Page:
DoorDash, Caviar Grubhub Grubhub Seamless, Seamless and Uber Eats are suing the City of New York to challenge a law that would limit the commissions apps can charge restaurants for using their services.
The Wall Street Journal reported that the companies had filed suit in federal court Thursday evening. They are seeking an injunction to stop the city from enforcing their legislation, unspecified damages monetary and a trial by jury.
In an attempt to ease the pressure on an industry that is struggling with pandemic lockdowns, the city council passed temporary legislation last year. It would ban third-party food delivery companies from charging restaurants more then 15% per delivery order. According to the lawsuits, the city's fee limit, which was made permanent by Francisco Moya, Queens Councilman, last month, has already caused companies to lose hundreds of millions of dollars.
Third-party platforms such as Plaintiffs were instrumental in keeping restaurants afloat during the COVID-19 pandemic. They also invested millions of dollars in COVID relief efforts for local restaurants. The City of New York took the unusual step of placing permanent price controls on a highly competitive private sector. This allows food ordering and delivery to be made through third-party platforms. These permanent price controls will not only harm Plaintiffs but also hurt the revitalization and growth of very local restaurants the City claims it serves.
Similar caps were also implemented in other cities during the pandemic. However, most of these have fallen apart as the pandemic eases and restaurants are able to open new dining rooms. San Francisco is one of a few cities to have enacted a permanent 15% cap. The app-based companies are also suing. They claim that the fees are not related to any public-health emergency and that they are unconstitutional as they interfere with negotiated contracts.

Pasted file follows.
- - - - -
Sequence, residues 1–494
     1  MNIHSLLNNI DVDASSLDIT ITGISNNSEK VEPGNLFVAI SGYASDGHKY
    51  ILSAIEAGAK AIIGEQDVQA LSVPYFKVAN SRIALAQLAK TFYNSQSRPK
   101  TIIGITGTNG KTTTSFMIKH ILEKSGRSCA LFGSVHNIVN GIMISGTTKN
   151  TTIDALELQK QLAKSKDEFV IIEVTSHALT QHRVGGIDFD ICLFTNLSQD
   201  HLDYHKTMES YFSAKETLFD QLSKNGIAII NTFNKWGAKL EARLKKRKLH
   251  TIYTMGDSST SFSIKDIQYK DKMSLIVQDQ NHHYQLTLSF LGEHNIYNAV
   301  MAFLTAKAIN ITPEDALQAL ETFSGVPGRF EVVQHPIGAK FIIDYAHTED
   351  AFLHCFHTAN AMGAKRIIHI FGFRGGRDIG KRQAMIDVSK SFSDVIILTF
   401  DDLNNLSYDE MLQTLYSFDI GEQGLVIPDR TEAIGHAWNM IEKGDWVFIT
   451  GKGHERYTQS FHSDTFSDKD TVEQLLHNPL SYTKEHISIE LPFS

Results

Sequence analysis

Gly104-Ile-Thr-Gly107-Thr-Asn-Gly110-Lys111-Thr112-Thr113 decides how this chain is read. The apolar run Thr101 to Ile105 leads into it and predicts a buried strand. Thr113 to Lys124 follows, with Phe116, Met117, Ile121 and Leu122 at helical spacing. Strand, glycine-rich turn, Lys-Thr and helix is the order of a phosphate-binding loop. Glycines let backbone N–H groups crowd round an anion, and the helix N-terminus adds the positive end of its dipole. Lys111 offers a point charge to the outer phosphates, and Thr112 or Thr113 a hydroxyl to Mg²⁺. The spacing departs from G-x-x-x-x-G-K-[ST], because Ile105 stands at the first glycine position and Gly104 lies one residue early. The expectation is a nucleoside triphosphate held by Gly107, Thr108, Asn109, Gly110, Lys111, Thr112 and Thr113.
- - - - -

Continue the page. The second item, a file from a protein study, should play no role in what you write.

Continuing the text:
Like the temporary law, violators would be subject to a $1,000 per-day fine per restaurant. According to the companies, the new law would force them to rewrite contracts with restaurants and increase fees for customers. It also could affect delivery workers' ability to make money.
They also suggested that the city could offer tax breaks or grants to local restaurants to increase their profitability, rather than affecting the commissions from delivery services.
Instead of exercising one of these legal options, however, the City decided to adopt an irrational bill, driven by animosity towards third party platforms. Moya tweeted that a 10 per cent commission cap bill was needed. It stated that NYC's local restaurants required a 10 per cent cap on third-party services like GrubHub's delivery fees long before #COVID19. They absolutely need it.
The legislation comes as app-based delivery services are under increasing scrutiny. These companies have a reputation of harming both restaurant workers and gig workers, in an effort keep costs down for consumers. California's superior court recently ruled that Proposition 22 would allow these companies continue to classify their workers as independent contractors rather than employees. DoorDash workers protested outside Tony Xu's home last week demanding more transparency and better pay. In Massachusetts, a similar law has been approved to be on the November 2022 ballot.
Restaurants pay delivery companies that use apps for a range of services via commissions. One example of this being delivery services, according to an unnamed courier who was named in the suit against the city. These commissions can be capped, which could result in lower earnings for people like myself. Delivery services could become more costly for customers I deliver to if there is a commission cap. This would ultimately result in me receiving fewer orders.